Myself, I cannot imagine how to calculate that in my head. Those are all important variables, you cannot do without them. The analytical solution is probably impossible; CFD methods have to be used to build up lookup tables, and interpolate from there.

Comment Re:"Real World" conditions (Score 1) 700

Do you record your exact fuel economy, maintain full GPS tracking logs, and keep track of exactly how quickly you accelerate and how fast or slow you drive every mile in your car? No, you don't, and neither does the rest of the world.

I own a Prius, and I watch the mileage. Owners of high efficiency cars tend to do that. There are forums where they compare notes and discuss their numbers. Tesla would have no problem whatsoever in collecting the data if they pay the owner a $1 (or something) for 100 miles of submitted tracks. The software can remove portions of tracks that the owner considers private; submissions will be cryptographically signed all the way from the car to the PC and to the Interweb. Trivial to implement, and creates more interest in the car's doings.

When was the last time you got the MPG that your car's manufacturer promised?

I'm still getting it, though the gasoline is diluted with ethanol these days.

Comment Re:Heater (Score 1) 700

Please tell me more about this car that warms the passenger compartment by just blowing heat off of the radiator.

All cars made in 20th century use this method. The heater core is connected to the liquid cooling system; technically it is a second radiator, smaller and closer to the firewall. It is bypassed with an automatic valve to help with the warm-up of the engine block.

Hybrids like Prius also use this method; but Prius has additional electric heaters that can provide heat instantly, primarily for defrosting the windshield as soon as you start the car. Traditional cars deny you the heat for about 5 minutes, and if the windshield fogs over it's just sad (Rain-X time.)

Comment Re:Heater (Score 1) 700

I've yet to see a car with an electric driven A/C... but I'm always interested to hear about it.

Prius has an electric A/C, as well as power steering and braking. The ICE operation is entirely optional, as it has to be because the car can remain in EV mode up to 42 mph.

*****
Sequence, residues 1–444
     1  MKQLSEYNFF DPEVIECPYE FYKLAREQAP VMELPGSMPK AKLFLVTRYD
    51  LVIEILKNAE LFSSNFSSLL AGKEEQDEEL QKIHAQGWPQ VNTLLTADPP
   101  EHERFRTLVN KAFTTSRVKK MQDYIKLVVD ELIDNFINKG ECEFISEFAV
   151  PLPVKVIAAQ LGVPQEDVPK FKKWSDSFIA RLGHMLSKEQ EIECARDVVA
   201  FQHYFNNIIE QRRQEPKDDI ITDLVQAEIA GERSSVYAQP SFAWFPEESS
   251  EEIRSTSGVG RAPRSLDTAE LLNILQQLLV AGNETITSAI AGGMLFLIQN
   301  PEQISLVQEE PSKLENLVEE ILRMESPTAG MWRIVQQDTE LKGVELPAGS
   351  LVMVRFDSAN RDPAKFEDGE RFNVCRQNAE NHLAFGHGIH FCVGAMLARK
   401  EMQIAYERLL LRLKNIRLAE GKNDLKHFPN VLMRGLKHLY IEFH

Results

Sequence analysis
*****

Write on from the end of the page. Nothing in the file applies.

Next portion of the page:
Comment Re:He forgot to charge the car....... (Score 1) 700

He wasn't supposed to plug it in overnight. There are no charging facilities in Groton. Does the car come with a 1,000 feet extension cord? Oh, by the way, you cannot use an extension cord to charge an EV. You have to park right next to the external outlet. Can you find one on a wall of a hotel, in darkness, especially if the outlet isn't there to begin with? Snow banks may prevent you from parking anywhere close to the building; you may be unable to even walk to the wall (there might be bushes under the snow, or flower beds, or whatever.)

The reporter should have carried a gasoline generator in the car. That is the truly essential component of a modern EV, as it appears.

Comment Re:Musk to NYT (Score 1) 700

which amounted to a total of 2 miles.

It could also be an involuntary detour - say, an accident that blocked all but one lane. Will Musk blame the reporter for that too? "If you drive our $101K car make sure that you never slow down; if that happens, stop and call us so that we can recalculate your options. On the other hand, forget it - we will screw it up even more."

at some point he hit 75.

There are plenty of stretches of freeways with negative incline. On 680, for example, near Livermore. You take your foot off the pedal and the car still accelerates past the speed limit. Other cars around you do the same, of course. It's a pretty long descent, and it recovers a lot of energy that you spent climbing the hill.

if you are going 55 in CA, even in the slow lane, you'll get your ass ran into the ditch.

The typical speed on 280 is 70-75 mph, with 65 posted. Drive slower at your own risk. I-5 has 70 mph posted limit.

If Tesla dares to publish the logs we will find out where the reporter exceeded the speed and what was the slope of the road there. But in any case he did that way before the last charge at Milford, so I don't understand why would that matter at all? Did that mile or two at 75 mph permanently damage the luxury car? This looks to me like Musk is throwing everything he has at the reporter, hoping that the people will not realize when and where the alleged events took place.

Slashdot Top Deals

The universe is an island, surrounded by whatever it is that surrounds universes.